Valerian (Valeriana officinalis L. s. lat., Valerianaceae) is a perennial that grows up to five feet (1.5 m) tall. Valerian has been used in Europe and the Middle East for more than 2,000 years as a sedative and for digestive and urinary tract disorders, coughs and asthma, headache, PMS, insomnia and fatigue. It was once used as a perfume and as a flavouring in soups.

History And Use

Valerian is in demand as a sleep aid and as a sedative for nervous tension, hysteria, excitability, stress, and intestinal colic or cramps. Root extracts and oils are used to flavour tobacco, alcoholic beverages, root beer, and other food products.

Economics And Marketing

Valerian rhizome and root preparations are found in many herbal sedative remedies, often in combination with skullcap, hops or passionflower. Valerian ranked 12th on the list of top selling mass market herbals, with US$8 million during the 52 week period ending July 12, 1998. This represents a growth rate of 35% over the previous year. Valerian ranked 10th in the list of top herbal supplement sales in the natural food market for 1998 (up from 18th in 1997), capturing 2% of sales. Health Canada has registered more than 100 commercial products containing valerian in its "Herbs and Natural Products" and "Homeopathic" categories, and has published a labelling standard for products claiming "sleep aid" or "sedative" therapeutic actions. The U.S. Pharmacopeia is requesting that further studies be done on valerian before it can be recommended as a sleep aid or sedative, but it is having quality standards established for publication in the National Formulary (it was previously listed in the USP 1820-1942 and NF 1942-1950). Valerian is marketed fresh or dried, as a tea, as a tincture, and as a liquid extract or concentrated infusion.

Area Of Adaptation

Valerian is native to most of Europe and part of northern Asia, with a complex of subspecies dispersed throughout temperate to subpolar Eurasia. It is cultivated in England, France, Belgium, Holland, Germany, eastern Europe, and Japan. It has become naturalized in the North West and North East U.S. and is reported to occur in Manitoba as an escapee from cultivation. Valerian grows well in hot or cold, wet or dry climates, but prefers rich heavy loam with lots of moisture.

Site Selection And Seeding

The shoots arise from a short rhizome (horizontal underground stem) (2 - 4 cm long and 1 - 2 cm wide, which also gives rise to roots 2 - 15 cm long and 1 - 2 mm wide, which are wrinkled lengthwise) and sometimes the plant spreads from horizontal runners (stolons). The roots and fibrous rhizomes have a very strong odour and bitter taste. The stems are hollow and grooved, simple to slightly branched above. The leaves are opposite, deeply divided, with 7 - 10 pairs of toothed leaflets, becoming progressively smaller towards the top of the plant. The flowers, which bloom from June to August, are white or pale pink and fragrant, with irregular tubular corollas often spurred at the base, and three stamens. The inflorescence consists of terminal flat-topped clusters (a corymb). The tiny fruits have a crown of feathery fluff (pappus). Valerian is a highly variable species which has at least three subspecies and numerous intermediate populations. At least two other species of valerian, V. jatamansi Jones (Indian valerian) and V. edulis Nutt. ex Torr. & Gray subsp. procera F.G. Meyer (Mexican valerian) are also sold for medicinal purposes. In Manitoba there is also a native species, V. dioica L., which is used medicinally by our First Nations people.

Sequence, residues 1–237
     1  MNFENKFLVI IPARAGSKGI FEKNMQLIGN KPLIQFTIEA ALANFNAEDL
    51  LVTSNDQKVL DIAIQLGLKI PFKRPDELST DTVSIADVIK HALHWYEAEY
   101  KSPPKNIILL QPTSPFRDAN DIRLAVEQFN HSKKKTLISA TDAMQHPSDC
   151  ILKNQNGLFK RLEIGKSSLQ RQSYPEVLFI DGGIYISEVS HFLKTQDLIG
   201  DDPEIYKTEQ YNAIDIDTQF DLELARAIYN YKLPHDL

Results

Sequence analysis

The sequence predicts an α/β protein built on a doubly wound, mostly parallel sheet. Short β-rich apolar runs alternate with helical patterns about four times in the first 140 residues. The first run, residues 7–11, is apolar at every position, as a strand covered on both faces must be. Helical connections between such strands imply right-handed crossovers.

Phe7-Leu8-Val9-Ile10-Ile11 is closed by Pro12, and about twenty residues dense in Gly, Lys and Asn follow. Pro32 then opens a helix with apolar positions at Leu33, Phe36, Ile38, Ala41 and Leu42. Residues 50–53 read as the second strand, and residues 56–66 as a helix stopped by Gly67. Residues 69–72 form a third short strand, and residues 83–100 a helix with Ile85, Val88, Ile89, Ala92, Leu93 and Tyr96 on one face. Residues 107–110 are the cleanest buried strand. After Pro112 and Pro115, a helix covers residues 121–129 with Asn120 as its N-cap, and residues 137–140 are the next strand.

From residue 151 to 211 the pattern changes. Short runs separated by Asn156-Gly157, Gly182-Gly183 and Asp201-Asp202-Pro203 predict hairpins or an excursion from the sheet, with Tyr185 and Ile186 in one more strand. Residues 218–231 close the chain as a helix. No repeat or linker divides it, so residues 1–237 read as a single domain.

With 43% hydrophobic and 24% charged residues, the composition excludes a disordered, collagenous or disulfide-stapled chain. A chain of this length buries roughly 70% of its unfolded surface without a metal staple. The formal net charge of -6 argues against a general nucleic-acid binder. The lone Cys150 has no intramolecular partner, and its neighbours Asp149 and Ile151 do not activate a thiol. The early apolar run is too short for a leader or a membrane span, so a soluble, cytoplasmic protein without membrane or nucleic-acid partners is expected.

Valerian grows on a wide range of soils, but moist, rich loam with pH 6.0 to 7.0 is best. It is listed as being hardy to zone 4, but has been cultivated experimentally here in Manitoba in zone 3 areas. (Consult your Ag Rep to determine which zone you are in). It likes full sun or partial shade. Direct seeding is done in mid-August, with germination of approximately 80% in about five weeks. Seeds can also be started in the greenhouse and transplanted after the last frost. Seeds germinate in about 20 days if started in flats. Light is required for germination, and seeds should be planted no deeper than ½ inch. (1 cm). Keep seeds constantly moist (30 - 60% soil moisture content). Stratification does not improve germination. Seeds lose their viability after two years. Root cuttings are also possible, but they are subject to many diseases.